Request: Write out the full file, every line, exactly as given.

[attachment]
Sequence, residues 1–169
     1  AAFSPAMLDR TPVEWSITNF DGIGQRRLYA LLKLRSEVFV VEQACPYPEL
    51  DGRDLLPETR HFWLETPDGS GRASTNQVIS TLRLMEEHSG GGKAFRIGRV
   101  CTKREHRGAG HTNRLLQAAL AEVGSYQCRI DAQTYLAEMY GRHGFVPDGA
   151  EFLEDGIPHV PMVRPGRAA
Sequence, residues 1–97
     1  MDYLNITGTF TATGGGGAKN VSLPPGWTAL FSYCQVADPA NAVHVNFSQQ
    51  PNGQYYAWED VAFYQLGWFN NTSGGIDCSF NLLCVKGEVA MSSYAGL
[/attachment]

Sequence, residues 1–169
     1  AAFSPAMLDR TPVEWSITNF DGIGQRRLYA LLKLRSEVFV VEQACPYPEL
    51  DGRDLLPETR HFWLETPDGS GRASTNQVIS TLRLMEEHSG GGKAFRIGRV
   101  CTKREHRGAG HTNRLLQAAL AEVGSYQCRI DAQTYLAEMY GRHGFVPDGA
   151  EFLEDGIPHV PMVRPGRAA
Sequence, residues 1–97
     1  MDYLNITGTF TATGGGGAKN VSLPPGWTAL FSYCQVADPA NAVHVNFSQQ
    51  PNGQYYAWED VAFYQLGWFN NTSGGIDCSF NLLCVKGEVA MSSYAGL